'Long COVID' symptoms could linger for up to 9 months, study suggests

The prolonged COVID-19 symptoms people experience after initial infection, now known as 'Long COVID,' may persist for up to nine months in some cases, according to findings from a small study published Feb. 19 in JAMA Network Open.

Researchers at the University of Washington in Seattle issued a follow-up questionnaire to 234 patients with COVID-19. Of those, 177 people completed the survey: 11 were asymptomatic, 150 did not require hospitalization and had mild illness, and 16 had moderate or severe disease requiring hospitalization. 

Anthony Fauci, MD, director of the National Institutes of Allergy and Infectious Diseases, referenced the findings during a Feb. 24 White House press conference. 

"Approximately 30 percent of the patients who were enrolled at the University of Washington reported persistent symptoms for as long as nine months after illness," Dr. Fauci said, adding "Persistent symptoms were reported by one-third of outpatients with mild disease."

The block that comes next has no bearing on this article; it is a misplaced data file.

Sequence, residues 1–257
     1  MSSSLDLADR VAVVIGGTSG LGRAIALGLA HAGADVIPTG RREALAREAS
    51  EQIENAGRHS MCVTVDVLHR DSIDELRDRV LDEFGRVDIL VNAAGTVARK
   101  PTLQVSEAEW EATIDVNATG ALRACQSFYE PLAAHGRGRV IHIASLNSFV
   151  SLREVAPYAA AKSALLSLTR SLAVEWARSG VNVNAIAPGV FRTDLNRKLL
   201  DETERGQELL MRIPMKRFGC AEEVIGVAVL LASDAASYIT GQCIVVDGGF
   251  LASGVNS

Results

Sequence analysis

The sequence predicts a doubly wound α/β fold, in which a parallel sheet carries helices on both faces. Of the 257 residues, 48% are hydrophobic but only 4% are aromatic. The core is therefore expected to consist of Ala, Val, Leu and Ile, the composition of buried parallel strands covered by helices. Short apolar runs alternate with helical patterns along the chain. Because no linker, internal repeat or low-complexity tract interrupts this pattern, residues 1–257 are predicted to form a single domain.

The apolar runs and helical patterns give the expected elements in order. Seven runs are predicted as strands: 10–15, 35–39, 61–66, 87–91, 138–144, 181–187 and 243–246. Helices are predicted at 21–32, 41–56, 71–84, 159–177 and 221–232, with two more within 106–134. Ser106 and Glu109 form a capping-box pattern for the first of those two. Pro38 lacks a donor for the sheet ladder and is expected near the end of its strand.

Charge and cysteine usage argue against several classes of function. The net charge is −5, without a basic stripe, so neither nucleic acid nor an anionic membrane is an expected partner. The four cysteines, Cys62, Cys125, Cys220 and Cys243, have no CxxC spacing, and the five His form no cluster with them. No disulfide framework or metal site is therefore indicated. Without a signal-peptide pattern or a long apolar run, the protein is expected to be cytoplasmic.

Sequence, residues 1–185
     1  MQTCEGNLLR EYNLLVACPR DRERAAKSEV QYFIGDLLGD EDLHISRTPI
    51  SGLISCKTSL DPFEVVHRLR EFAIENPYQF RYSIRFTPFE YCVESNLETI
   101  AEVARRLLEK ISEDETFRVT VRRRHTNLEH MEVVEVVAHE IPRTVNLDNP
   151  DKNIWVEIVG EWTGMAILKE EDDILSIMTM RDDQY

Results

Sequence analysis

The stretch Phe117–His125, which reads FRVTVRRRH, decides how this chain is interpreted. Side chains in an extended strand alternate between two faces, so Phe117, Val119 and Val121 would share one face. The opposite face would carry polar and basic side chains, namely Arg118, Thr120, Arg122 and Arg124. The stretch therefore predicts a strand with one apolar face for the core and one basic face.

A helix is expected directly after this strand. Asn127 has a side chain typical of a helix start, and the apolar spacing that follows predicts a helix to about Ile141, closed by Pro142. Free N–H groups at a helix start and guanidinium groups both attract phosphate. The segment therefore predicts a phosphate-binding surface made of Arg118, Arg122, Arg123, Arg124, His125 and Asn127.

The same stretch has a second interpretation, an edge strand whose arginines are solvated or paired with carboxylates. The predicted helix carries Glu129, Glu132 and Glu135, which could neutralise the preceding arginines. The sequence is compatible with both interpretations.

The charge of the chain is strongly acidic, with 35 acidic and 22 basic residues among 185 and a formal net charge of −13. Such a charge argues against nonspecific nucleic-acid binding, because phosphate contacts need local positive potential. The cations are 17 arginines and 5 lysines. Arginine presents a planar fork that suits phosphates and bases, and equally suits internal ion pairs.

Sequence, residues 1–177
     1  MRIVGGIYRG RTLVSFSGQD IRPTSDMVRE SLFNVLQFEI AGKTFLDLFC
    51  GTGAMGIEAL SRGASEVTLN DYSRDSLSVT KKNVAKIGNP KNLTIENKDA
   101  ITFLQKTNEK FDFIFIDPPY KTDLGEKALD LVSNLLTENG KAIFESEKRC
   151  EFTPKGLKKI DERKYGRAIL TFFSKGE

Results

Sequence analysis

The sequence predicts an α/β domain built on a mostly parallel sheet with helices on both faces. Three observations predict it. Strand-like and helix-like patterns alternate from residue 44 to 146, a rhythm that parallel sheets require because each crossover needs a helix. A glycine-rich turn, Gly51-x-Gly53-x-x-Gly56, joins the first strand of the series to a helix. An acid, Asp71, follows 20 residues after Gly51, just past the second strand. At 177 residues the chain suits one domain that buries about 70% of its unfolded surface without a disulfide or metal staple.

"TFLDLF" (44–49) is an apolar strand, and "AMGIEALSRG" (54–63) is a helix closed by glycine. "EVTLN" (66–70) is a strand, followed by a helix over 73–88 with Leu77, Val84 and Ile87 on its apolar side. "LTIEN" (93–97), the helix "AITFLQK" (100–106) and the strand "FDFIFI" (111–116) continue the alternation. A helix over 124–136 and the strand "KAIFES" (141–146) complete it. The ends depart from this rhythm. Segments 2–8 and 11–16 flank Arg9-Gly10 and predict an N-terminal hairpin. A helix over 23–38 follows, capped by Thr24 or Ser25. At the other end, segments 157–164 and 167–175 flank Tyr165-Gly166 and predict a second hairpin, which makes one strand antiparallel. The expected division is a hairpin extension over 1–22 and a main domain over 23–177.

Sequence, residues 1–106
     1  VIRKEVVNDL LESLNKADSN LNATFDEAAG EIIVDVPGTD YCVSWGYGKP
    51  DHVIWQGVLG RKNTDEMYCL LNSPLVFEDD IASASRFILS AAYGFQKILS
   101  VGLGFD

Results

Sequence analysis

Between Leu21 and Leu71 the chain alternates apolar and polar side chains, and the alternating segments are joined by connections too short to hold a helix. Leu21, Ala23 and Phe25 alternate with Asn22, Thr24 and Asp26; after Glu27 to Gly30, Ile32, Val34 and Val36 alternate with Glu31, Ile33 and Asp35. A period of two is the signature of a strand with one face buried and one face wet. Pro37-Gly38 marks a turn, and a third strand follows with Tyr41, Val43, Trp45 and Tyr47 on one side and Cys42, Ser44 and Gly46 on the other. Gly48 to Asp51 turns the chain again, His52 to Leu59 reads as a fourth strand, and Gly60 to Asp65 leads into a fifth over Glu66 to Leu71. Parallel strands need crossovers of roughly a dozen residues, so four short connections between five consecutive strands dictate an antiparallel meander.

Persistent fatigue and loss of sense or smell were the most common reported symptoms, according to the study.

The study acknowledges conflict of interest disclosures, including that a corresponding author received personal fees from Merck and the Bill and Melinda Gates Foundation, among others. Study grants had no role in any aspect of the research. 

The National Institutes of Health plans to lead a major research program to further evaluate the potential causes of Long-COVID, as well as methods to treat or prevent the conditions, the agency said Feb. 23.

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